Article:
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endure

Bored and frustrated--a volatile combination

I have had the worst couple of days. A close friend and I are managing the automation of a charity program for our synagogue. The program lets members choose people to send holiday greetings to and then sets up automatic reciprocity. Each greeting is $3 so it raises a lot of money for different charities. The first anoyance is that I have been shouting politely at the programmer that all our members are stupid--that they have to immediately be shown how to log in and not have to go through numerous screens to get their ID and password. Mind you, the synagogue board already was really scared of actually entering the 21st century and allowing folks to buy these greetings on line with a credit card--no this is really just a huge name database and members have to mail a check in later to pay. So, having won the battle of the passwords (the anal retentive prograammer didn't want people to pick their own passwords and IDs because he didn't want the world logging in (as if they cared). Sigh.

Next, we went live on Friday and as I am the administrator--I was innundated with frantic calls from people who can't read--the first screen says ENTER YOUR EMAIL ADDRESS and the system will mail an ID and Password after checking to see if the person is legit. So, I started handing out passwords and IDs manually. I gots lots of work done--this was the day that my client's server went down and I was scrambling to find a new ISP and get their four web sites back online. Then the calls started getting angry because women's unqiue last names weren't included (I thought they were and didn't check the actual list). The synagougue office started screaming because they got calls. The upshot--the programmer and program dropped the field that included the second last name. So, after denying any fault all day, the programmer reluctantly admitted the huge error (this is 1,000 names we're talking about when you include teachers, staff, and tutors as well as nursery school parents and youth leaders). So the system was taken down.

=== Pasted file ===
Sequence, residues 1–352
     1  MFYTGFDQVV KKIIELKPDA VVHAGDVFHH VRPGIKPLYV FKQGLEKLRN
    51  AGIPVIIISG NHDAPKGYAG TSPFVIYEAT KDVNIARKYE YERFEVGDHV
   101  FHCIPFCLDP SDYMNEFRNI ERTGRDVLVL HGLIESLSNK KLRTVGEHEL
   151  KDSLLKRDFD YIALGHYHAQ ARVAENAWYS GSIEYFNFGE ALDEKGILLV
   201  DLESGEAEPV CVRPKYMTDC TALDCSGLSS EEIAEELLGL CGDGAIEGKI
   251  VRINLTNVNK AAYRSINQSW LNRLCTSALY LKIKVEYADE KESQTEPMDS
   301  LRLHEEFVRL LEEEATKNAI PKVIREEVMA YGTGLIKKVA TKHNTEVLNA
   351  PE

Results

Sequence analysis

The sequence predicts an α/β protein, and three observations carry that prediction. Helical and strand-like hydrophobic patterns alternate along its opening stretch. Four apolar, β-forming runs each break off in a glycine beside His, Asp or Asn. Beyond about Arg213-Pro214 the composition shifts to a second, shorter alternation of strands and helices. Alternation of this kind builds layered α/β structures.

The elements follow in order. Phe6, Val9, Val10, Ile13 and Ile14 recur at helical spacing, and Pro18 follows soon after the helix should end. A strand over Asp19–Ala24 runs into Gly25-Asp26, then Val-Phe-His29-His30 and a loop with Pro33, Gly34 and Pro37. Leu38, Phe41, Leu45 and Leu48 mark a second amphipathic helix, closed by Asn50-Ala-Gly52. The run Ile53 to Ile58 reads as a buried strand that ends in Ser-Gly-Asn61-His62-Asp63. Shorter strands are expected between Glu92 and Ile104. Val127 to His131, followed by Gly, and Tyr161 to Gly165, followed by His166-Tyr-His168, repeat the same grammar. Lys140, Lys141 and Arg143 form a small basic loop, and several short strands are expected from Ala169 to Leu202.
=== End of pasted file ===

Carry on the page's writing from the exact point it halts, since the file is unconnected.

All my friend and I can do is laugh.

Meanwhile, my youngest caught the crud and has a 103 degree fever.

Can I whine some more??? The only good thing is that Cathy has written another chapter of Howling At the Moon.

Comments

Bad, bad programmer. He should write a program according to specification. That means: not writing differently because he thinks it's better. At most he could have informed you there might be a security risk (from your description it doesn't look like that's the case), but that's about it.

I could have warned you though: programmers have inherently big egos and what they do is always the way it was supposed to be, has no errors, and what I write is always better than that of the next guy (or girl). So, logically and naturally, his reaction to the missing field was: "not my fault".

I'm glad you and your friend could still laugh about it.
(((ix))) :)